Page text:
4 Factors to Keep in Mind About Internet Sales Tax
E-commerce can boil all the hustle, bustle and stress that accompanies an in-store shopping experience down to a few clicks or taps. For retailers, e-commerce is a chance to simplify the customer journey and stand out as a convenient and user-friendly shopping resource.
While it’s wonderful, it’s not without its complications. Like traditional commerce, internet businesses must apply sales tax to all of their transactions, a task that becomes infinitely more complex when people from all over the country can buy from your company. By getting a sense of the numerous intricacies involved, any internet retailer can get its compliance affairs in order and be ready to thrive in the digital business landscape.
The Ins and Outs of Internet Sales Tax
Are you still trying to wrap your head around administering sales tax to internet purchases? It can be a tough juggling act for retailers serving customers from several different locations. Still, the difference between brick-and-mortar and internet sales tax is the “point of sale” or “nexus contingency.”
Stores levy sales tax based on location. Even if it’s part of a larger chain, purchases at physical stores are taxed based on state and local protocols. E-commerce uses the same principles, but assesses taxes based on the locations of customers. Suppose two customers buy the same pair of shoes from the same online retailer; if one hails from Chicago and one lives in Boston, they’ll pay different taxes based on each city’s specifications.
Making these distinctions can be critical for several reasons. Without understanding your online customers’ tax specifics, you could either charge them too much or too little at checkout. Plus, businesses that don’t pay careful attention to their taxes can quickly find themselves in the IRS’s crosshairs — and companies found guilty of tax evasion can open themselves up to a possible $500,000 penalty.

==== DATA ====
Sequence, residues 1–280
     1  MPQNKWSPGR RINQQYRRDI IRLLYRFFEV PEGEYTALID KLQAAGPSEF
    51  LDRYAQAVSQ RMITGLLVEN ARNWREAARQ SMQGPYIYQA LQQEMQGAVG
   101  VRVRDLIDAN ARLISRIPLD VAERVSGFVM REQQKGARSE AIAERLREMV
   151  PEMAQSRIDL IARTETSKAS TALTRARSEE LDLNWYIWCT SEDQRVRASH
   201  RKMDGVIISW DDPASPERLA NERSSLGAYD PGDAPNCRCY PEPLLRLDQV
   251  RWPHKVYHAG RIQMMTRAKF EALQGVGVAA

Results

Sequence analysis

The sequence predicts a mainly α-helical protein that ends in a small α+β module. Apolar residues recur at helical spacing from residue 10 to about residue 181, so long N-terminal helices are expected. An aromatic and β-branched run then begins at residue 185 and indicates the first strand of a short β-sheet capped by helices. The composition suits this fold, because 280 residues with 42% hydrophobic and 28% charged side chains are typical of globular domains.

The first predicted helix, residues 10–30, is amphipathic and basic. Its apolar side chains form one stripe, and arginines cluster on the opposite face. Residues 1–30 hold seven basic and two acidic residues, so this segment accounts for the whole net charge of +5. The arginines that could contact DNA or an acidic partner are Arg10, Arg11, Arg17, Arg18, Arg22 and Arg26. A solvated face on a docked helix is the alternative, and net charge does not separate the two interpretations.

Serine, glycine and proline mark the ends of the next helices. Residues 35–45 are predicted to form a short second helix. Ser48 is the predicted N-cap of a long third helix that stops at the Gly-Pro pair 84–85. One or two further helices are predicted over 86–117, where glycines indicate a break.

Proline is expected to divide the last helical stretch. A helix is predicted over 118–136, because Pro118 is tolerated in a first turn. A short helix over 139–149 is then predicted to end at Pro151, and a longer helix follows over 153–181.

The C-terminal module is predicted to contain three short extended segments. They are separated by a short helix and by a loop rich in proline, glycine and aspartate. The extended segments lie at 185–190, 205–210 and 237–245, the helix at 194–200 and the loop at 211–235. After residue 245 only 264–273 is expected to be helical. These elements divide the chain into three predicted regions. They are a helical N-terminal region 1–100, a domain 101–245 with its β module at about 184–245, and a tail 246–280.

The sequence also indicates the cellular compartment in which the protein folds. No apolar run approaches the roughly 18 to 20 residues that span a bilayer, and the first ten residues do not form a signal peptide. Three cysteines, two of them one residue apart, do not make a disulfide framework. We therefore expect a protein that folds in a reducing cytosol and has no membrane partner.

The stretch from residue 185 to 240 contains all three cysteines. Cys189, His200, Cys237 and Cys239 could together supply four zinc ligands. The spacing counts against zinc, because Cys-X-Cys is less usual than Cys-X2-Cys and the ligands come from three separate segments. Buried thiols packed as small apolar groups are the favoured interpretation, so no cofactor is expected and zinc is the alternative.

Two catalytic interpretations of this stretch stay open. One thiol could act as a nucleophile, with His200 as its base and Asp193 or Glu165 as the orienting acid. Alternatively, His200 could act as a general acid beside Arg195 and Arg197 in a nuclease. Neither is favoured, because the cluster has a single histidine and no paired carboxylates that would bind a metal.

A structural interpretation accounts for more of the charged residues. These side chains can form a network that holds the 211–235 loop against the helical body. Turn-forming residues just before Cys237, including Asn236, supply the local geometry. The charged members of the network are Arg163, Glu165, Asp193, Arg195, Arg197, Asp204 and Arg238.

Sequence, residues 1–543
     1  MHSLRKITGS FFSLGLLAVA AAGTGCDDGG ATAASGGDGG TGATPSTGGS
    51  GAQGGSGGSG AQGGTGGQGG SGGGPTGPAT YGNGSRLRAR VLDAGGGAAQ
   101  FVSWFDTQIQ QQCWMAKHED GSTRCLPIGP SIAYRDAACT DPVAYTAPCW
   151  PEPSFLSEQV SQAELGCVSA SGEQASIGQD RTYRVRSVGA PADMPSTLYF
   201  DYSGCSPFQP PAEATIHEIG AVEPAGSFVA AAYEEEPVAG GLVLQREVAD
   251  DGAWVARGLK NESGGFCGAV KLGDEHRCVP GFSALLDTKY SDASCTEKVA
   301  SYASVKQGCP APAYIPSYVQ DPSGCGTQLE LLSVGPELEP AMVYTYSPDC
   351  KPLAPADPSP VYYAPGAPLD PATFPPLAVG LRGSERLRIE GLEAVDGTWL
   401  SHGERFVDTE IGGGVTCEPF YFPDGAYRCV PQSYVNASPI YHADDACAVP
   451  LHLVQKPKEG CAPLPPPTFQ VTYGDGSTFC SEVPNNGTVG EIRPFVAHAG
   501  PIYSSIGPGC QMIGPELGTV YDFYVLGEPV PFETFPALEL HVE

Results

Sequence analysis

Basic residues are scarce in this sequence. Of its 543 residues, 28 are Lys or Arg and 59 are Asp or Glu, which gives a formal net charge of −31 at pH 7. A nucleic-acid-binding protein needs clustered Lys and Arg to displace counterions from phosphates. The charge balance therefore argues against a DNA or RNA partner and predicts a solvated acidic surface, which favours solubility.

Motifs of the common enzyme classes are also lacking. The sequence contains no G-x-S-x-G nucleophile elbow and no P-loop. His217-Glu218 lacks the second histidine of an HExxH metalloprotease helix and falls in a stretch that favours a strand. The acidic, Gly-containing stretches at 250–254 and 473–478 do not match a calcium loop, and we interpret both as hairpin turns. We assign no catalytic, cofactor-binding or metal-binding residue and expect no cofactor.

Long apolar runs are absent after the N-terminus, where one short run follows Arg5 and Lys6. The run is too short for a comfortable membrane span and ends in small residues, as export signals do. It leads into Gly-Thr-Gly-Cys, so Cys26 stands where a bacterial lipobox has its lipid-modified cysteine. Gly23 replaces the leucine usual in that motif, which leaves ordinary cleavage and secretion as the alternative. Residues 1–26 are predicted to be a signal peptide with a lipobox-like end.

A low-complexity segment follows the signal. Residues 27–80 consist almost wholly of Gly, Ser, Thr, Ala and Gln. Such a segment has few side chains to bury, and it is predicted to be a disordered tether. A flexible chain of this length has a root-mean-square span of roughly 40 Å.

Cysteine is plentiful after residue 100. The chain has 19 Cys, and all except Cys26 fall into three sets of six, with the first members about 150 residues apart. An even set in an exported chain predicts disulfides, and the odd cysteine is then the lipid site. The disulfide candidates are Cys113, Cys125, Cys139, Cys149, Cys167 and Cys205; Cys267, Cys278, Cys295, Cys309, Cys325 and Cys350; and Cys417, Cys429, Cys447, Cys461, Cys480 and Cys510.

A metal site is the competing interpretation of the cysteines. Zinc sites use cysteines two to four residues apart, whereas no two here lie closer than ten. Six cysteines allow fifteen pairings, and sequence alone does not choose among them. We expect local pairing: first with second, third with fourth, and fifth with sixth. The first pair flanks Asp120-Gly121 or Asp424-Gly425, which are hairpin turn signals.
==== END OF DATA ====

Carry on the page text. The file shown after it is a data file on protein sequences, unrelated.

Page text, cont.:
E-commerce is still a relatively new concept for some companies, and it’s best not to leave too much to chance. If you want to build a digital commerce platform that endures, you’ll need to get a handle on online sales tax.
Keep Online Sales Tax Above Board
Whether your company is pouring more resources into e-commerce or exploring it for the first time, establishing tax consistency needs to be a top priority. Here are some strategies that can help you:
1. Identify the states in which you have nexus.
With so much internet sales tax depending on where customers live when they purchase, nexus points can slip through the cracks. Get a comprehensive list of states where you have nexus to clear up any confusion.
Nexus surfaces when a sales or transaction benchmark is met if that state subscribes to the Wayfair decision. Most states use the threshold of $100,000 in sales or 200 purchases during the current or previous year. Examine which states you do business in that check those boxes, and adjust your tax standards accordingly.
2. Know your sales tax due date.
Sales tax deadlines vary from state to state. Because there’s no such thing as federal tax, your business is the first line of defense to ensure everything is paid promptly.
Five states (Alaska, Delaware, Montana, New Hampshire, and Oregon) don’t charge sales tax. For the remaining 45, study their deadlines to make sure you pay on time.
3. Hire a professional.
Sometimes, unexpected tax issues arise that require an expert’s opinion. When those occasions occur, look to a certified public accountant to guide you through potentially tricky scenarios.
As your online store grows, it’s a great idea to consult with tax specialists to forecast any potential surprises. A CPA stays updated on new compliance issues and can help you maintain an accurate and sufficient tax bottom line.
4. Conduct regular internal audits.
With so much variance among your customers, scheduling regular check-ins can allow you to steer clear of online sales tax obstacles. It’s a viable way to keep your e-commerce business accountable while being a good steward to its customers.
Look at your Shopify storefront to make sure it complies with local internet sales standards. While you’re at it, make sure your exemptions, online seller’s permits, and other compliance issues are current. Conduct these audits weekly, biweekly, or monthly, and nothing will surprise you.
As online stores become more prominent, they deserve just as much attention as you might give to a brick-and-mortar location. Keep an eye on e-commerce sales tax to keep your store compliant and your business on track.
Jan Bednar is the CEO and founder of ShipMonk, a technology company reimagining third-party shipping logistics.
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Jan Bednar is the CEO and founder of ShipMonk, a technology company reimagining third-party shipping logistics. Bednar, a native of the Czech Republic, moved to America to attend Florida Atlantic University, where his entrepreneurial interests piqued enough to start BedaBox, a shipping startup that became the ShipMonk’s predecessor. Bednar lives in Deerfield Beach, Florida.